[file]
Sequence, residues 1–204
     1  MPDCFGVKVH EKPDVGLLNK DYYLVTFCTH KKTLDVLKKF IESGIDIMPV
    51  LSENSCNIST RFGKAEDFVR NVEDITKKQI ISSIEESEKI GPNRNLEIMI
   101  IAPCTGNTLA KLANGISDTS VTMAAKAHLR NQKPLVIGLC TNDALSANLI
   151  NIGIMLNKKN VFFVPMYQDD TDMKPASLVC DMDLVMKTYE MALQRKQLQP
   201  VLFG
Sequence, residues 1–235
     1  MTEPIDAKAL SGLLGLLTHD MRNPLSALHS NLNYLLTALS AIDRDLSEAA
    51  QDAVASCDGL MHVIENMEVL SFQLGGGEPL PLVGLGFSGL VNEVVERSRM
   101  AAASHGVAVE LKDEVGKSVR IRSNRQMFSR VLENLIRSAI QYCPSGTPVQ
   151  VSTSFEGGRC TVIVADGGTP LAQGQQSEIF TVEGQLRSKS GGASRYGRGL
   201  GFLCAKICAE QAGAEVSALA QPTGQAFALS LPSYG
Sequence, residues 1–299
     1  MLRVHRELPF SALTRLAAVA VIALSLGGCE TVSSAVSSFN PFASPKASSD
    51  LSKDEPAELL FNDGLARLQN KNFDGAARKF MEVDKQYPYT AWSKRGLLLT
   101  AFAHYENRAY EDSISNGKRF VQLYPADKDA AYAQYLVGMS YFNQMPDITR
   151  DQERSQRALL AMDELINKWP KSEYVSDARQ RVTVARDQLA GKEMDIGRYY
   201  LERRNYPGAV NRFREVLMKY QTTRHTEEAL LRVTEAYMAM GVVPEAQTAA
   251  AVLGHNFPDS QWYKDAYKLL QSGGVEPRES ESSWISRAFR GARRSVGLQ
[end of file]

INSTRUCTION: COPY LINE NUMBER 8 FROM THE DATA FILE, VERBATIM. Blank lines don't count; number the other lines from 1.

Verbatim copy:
     1  MTEPIDAKAL SGLLGLLTHD MRNPLSALHS NLNYLLTALS AIDRDLSEAA